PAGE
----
Explore a career in Music Technology

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Music Technology

  • What's the deal?
  • Is it for you?
  • What Can I Be?
What's the deal?
  • Modern music is heavily reliant on technology, from creating tracks on computers, through to digital production, sound manipulation and live sound.
  • The growth in digital technology has resulted in an increase in job roles. Digital Audio Workstations have become increasingly compact and affordable,allowing producers to easily set up businesses, with many working from home. Likewise, live sound systems have become more lightweight and compact, meaning it is more practical to run a small live sound enterprise.
  • The DJ industry is buoyant and DJs can often earn more than musicians. Further, rapid developments in DJ technology now means it is possible to DJ with minimum hardware and without the need for bulky record collections.
  • The UK music industry contributes £3.5 billion annually to the UK economy. This is made up of: £1.6bn from musicians, composers and songwriters; £634m from recorded music; £662m from live music; £402m from music publishing; £151m from music representatives, and £80m from music producers and recording studios.
  • Most people involved in the technology side of the music business are self-employed, or work as part of small businesses (e.g. PA companies, studios). Being self employed means you will need to manage your business affairs and deal with aspects of marketing and promotion. Incomes can vary significantly, from earning £100 a night for live sound in a local venue up to successful international artists, such as Skrillex or Calvin Harris, who earn huge sums.
  • Many people earn a living by having what is called a portfolio career. This is where you work and gain income from a number of areas. For example you might be a music producer who also creates soundtrack music for licensing, who may also DJ out and perhaps do some teaching.
Is it for you?
  • You will need to love how music can be created and manipulated by technology. You will be someone who is into the latest software and hardware releases. You will be someone who lives to create and process music using tech.
  • Many job roles relating to music tech suit self-employment, from producing and remixing tracks through to live sound. Being self employed means you will need to deal with business matters. Is this something which would suit you?
  • Artist roles, such as being a dance music producer or a DJ, are very creative. Other roles require more technical skills and knowledge, with an ability to problem solve.
  • If you are interested in a non-artist role, such as sound engineering, then people and teamwork skills are very important. It is essential that you are able to communicate effectively with promoters, musicians and DJs.
  • The industry is very fast moving with constant technology developments, so you need to be a quick learner and enjoy learning new skills.
  • Working hours can be long, especially when projects are reaching completion. Also working hours can often be unsociable, going on late into the night. DJs and PA crews may not finish work until the early hours.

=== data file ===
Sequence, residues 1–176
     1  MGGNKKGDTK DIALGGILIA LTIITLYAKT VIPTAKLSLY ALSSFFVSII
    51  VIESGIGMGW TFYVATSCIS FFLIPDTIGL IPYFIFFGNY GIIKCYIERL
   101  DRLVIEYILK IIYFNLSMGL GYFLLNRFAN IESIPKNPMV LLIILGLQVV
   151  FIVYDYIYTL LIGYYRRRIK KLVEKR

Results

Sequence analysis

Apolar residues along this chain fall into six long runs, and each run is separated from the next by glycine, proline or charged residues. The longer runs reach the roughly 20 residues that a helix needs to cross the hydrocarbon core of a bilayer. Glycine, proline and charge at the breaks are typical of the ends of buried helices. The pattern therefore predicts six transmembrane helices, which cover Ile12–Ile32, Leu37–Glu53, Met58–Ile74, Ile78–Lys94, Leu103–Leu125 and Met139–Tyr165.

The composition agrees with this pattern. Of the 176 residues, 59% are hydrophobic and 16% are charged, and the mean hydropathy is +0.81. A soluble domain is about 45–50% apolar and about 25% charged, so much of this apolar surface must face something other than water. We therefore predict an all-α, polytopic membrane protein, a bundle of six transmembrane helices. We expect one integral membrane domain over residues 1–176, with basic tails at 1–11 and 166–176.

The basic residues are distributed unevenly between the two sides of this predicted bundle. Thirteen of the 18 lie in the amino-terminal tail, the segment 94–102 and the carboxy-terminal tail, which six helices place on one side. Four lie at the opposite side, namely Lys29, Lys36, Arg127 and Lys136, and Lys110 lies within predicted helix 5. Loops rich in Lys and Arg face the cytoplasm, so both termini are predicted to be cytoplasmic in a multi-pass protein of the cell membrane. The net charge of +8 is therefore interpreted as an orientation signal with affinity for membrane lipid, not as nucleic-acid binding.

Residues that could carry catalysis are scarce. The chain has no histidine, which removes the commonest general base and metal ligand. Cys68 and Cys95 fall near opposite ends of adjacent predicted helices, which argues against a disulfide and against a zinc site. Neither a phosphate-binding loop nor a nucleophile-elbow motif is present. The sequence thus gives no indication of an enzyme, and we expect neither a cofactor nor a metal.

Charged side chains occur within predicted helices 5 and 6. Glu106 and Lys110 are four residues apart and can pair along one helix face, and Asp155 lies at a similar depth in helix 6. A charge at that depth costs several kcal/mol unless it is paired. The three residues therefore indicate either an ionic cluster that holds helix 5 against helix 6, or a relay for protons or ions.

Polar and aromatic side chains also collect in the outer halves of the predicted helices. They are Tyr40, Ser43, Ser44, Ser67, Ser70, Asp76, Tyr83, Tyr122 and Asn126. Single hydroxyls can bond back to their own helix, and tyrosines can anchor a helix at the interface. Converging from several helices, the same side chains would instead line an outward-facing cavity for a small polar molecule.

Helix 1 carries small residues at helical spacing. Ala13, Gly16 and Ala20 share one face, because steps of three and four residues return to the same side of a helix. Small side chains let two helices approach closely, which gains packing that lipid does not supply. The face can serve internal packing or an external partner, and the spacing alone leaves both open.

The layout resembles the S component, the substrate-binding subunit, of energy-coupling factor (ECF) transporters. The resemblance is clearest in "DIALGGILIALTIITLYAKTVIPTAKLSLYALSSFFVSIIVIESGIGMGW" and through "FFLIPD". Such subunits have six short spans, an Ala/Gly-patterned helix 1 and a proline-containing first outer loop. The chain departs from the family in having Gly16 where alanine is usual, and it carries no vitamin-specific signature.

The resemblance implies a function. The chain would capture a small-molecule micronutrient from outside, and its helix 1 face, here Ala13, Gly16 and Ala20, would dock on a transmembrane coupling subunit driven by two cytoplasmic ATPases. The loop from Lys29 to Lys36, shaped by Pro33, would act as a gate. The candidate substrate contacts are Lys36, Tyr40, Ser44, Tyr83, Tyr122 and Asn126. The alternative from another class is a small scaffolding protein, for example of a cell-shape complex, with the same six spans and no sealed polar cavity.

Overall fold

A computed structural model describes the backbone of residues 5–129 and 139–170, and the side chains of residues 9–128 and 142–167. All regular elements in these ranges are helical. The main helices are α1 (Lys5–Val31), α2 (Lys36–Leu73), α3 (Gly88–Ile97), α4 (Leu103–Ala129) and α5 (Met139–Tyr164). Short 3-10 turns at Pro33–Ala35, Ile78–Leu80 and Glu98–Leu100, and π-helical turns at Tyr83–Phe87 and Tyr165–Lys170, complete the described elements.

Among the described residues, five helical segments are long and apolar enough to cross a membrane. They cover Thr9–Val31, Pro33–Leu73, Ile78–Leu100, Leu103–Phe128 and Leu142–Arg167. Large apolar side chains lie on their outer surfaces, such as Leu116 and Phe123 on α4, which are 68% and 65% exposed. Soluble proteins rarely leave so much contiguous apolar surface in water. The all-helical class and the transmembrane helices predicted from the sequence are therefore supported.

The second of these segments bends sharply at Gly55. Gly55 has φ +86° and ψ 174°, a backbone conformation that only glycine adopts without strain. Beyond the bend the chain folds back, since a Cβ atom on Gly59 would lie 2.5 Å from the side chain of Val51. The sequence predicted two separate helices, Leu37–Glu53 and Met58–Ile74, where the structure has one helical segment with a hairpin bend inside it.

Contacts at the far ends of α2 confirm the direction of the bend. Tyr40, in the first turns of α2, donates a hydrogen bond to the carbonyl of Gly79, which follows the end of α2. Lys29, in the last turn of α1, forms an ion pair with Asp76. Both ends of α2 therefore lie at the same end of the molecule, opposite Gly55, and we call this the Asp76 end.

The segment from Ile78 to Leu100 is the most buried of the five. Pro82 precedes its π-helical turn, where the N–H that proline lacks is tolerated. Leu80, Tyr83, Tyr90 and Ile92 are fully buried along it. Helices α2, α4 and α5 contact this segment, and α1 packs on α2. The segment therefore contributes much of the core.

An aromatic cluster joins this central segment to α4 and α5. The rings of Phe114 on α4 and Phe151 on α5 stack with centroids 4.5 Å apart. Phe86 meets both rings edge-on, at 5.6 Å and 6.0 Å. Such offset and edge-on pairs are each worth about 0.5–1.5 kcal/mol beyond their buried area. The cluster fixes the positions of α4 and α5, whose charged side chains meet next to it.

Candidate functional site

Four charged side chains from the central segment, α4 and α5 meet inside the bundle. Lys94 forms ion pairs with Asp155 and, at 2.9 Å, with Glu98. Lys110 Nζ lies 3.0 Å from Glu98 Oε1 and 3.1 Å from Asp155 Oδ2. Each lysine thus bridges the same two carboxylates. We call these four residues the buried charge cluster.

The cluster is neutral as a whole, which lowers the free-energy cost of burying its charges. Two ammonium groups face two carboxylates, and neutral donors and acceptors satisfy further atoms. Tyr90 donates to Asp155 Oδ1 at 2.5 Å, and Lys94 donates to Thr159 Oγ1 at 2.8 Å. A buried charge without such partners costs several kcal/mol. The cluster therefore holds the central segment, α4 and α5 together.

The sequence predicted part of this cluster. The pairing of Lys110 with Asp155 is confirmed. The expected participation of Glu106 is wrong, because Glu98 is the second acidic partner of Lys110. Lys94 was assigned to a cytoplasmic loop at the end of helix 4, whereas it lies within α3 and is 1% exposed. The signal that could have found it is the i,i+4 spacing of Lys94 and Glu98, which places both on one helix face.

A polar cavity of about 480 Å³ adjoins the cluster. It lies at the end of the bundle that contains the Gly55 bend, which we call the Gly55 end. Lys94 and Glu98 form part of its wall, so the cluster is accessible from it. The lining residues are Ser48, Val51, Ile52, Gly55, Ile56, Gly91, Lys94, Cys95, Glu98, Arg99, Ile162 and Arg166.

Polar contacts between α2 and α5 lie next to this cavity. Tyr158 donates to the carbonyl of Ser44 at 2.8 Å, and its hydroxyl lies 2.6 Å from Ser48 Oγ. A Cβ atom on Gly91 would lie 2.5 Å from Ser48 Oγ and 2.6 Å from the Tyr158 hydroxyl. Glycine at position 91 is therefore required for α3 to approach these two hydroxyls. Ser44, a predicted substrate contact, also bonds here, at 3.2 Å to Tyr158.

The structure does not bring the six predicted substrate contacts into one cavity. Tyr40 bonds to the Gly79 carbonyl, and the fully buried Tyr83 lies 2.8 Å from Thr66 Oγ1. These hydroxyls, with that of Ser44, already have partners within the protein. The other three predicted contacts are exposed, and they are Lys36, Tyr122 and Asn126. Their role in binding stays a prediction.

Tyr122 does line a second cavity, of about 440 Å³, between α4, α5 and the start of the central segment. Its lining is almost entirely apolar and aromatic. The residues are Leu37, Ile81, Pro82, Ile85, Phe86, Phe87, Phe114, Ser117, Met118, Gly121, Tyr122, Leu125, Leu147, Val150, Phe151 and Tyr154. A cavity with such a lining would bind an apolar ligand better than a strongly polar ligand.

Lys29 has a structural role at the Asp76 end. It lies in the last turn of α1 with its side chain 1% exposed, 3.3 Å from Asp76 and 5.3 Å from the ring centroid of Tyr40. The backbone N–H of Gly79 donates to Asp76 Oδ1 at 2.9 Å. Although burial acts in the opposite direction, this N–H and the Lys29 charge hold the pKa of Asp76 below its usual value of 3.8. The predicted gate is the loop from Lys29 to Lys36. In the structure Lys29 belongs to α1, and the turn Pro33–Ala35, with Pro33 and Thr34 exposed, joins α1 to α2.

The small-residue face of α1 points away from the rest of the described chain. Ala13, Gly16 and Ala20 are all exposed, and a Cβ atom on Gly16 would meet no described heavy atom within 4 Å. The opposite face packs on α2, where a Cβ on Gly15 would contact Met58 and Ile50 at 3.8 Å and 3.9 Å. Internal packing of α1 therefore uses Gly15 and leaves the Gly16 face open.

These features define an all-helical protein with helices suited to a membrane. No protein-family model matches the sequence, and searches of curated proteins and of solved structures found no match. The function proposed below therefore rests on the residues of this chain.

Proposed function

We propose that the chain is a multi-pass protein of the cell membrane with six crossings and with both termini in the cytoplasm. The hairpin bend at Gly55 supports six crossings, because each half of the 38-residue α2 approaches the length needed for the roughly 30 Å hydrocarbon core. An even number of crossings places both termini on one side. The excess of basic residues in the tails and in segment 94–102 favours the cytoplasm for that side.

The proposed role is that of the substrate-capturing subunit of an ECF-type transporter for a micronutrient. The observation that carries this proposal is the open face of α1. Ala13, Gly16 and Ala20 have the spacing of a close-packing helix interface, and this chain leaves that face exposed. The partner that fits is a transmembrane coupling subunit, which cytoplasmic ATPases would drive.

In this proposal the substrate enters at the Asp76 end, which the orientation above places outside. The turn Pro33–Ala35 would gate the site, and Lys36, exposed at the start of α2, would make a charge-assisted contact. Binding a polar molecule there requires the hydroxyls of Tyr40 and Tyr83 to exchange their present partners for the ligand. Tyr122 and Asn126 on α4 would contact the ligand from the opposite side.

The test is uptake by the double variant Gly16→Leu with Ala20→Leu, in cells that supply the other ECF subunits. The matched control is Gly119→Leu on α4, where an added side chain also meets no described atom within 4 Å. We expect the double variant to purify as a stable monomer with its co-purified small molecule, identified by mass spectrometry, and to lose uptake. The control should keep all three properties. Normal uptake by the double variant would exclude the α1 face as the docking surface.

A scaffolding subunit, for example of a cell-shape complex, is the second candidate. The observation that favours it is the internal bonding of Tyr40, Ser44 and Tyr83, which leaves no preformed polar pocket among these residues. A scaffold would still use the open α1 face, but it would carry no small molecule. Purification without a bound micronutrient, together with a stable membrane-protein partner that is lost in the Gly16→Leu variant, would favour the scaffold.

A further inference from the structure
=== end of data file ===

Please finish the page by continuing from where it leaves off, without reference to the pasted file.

What Can I Be?

Music Producer
You are an artist creating tracks for public release. As well as creating great music, you will also need to build your artist image, brand and develop your fanbase. Unless you are a signed artist with management, you will need to undertake your own promotion, so a good head for business is really useful. This is a really exciting and creative role, but there is a massive amount of competition meaning it can be very difficult to get established and make money.

Soundtrack Producer
You are an artist creating music for adverts, film and TV. Media has a constant thirst for new music to promote brands, or to provide incidental music in videos and films. You will create tracks and license these, probably via an agency, from whom you will get fees and royalties when your tracks are used. Here the emphasis is on creating music which will have commercial appeal to clients, so the criteria is very different to a music producer, who is creating the music they are passionate about.

Record Producer
You are the person responsible for realising an artist’s creative work into a recorded format, such as a single or album. You will have an excellent knowledge of the recording process from micing up instruments and acoustics, through to mixing, post production and mastering. You will also need to have great people skills to get the best work out of artists, who may be temperamental.

Live Sound Engineer
You are in charge of live sound at an event, making sure that the audience and artist get the best experience possible. At smaller events you may be working on your own, setting up the PA and micing up and mixing the acts. At larger events you will be working as part of a team. This may include front of house mixing, monitor mixing and stage work (micing and DJ requirements). You will need to have good people skills for working with artists and promoters, as well as excellent tech and problem solving skills.

DJ
You are in charge of playing out the music at club nights and events. Being a DJ can vary from DJing at local events, such as functions and clubs, up to being a superstar DJ, like David Guetta, playing out at top international clubs and festivals. As a DJ you will need to have a trademark sound and a set which is slick and will get people dancing. You will need an excellent knowledge of music in your genres, good DJ tech skills and know how to work a crowd.

 

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